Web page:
“Smart home” is the term that refers to homes equipped with electronic devices that can be controlled by your phone, computer, or voice. These devices provide a ton of convenience – responding to voice commands or even unlocking the front door as you approach. And, they’re becoming more and more integrated. In fact, Gartner predicts a total of 20.8 billion connected devices in homes by 2020. However, with the increasing number of smart devices in homes, security researchers are also finding new security flaws.

Earlier this month, USA Today reported on a hacker communicating with a man in Arizona through his Nest security camera, warning him about vulnerabilities in his device.

And, just this week, Check Point CEO Gil Shwed asserted that despite the constant drumbeat of stolen data, organizations need to also be concerned with the vulnerability of systems and their functionality.

If you think that the threat to internet-connected devices is overblown, consider this: A team at Ben-Gurion University discovered just how easy it is to hack smart devices. “It only took 30 minutes to find passwords for most of the devices and some of them were found only through a Google search of the brand. Once hackers can access an IoT device, like a camera, they can create an entire network of these camera models controlled remotely,” said one of the researchers.

Another team of ethical hackers showed how vulnerable a house and its safety can be. A family in Ontario was using a Wink Connected Home Hub, which let the family use a smartphone app to control the home’s front door. Using a phishing email and a fake Wink website, the team of hackers tricked the one of the targets into handing over her login information. After gaining access to the account, the hackers were able to unlock the family’s front door.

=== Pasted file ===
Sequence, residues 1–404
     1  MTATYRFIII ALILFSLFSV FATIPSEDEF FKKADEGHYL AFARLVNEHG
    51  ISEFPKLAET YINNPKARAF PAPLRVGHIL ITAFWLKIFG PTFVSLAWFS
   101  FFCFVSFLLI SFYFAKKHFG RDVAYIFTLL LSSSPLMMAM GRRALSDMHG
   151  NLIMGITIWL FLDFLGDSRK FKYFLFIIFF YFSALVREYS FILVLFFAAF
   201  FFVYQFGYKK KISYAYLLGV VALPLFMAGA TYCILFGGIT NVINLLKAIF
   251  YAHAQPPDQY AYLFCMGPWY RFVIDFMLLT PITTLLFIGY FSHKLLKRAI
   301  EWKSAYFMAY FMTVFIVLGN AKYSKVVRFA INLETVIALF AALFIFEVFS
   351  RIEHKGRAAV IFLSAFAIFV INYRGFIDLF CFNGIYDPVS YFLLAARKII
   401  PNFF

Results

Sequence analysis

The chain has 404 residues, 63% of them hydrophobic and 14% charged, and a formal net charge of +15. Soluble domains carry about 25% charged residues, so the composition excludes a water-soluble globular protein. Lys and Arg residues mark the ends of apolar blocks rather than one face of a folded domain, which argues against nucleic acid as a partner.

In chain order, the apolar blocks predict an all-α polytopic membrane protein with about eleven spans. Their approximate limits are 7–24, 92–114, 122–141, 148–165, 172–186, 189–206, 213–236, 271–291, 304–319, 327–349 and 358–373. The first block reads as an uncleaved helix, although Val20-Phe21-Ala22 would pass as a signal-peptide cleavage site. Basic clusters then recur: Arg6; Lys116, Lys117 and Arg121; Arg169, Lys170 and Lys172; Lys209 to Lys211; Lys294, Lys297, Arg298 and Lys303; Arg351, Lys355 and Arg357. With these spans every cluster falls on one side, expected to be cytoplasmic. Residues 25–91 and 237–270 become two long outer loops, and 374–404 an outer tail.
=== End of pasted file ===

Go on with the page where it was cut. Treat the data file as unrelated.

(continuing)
So, what to do? Recently, The Financial Times wrote about how security experts manage their own network of smart devices. Orli Gan, head of threat prevention solutions at Check Point, and her husband, Ory Segal, have more than 30 internet-connected devices at home. “We periodically perform penetration tests and occasionally ‘hire’ out expert friends for additional validation,” she says.

Okay, so not everyone has access to the expertise and resources held by security experts. But, consumers can still keep themselves safe by changing default passwords and keeping software up to date. Awareness is key.

We have clearly entered an era where it’s up to owners of connected devices to be responsible for their usage and security. While some legislation is in the works, it’s still a far cry from being an effective safety net.

For those responsible for their organizations’ security, consumer issues are still important. Because the reality is that in today’s word, the traditional borders between work and home have blurred.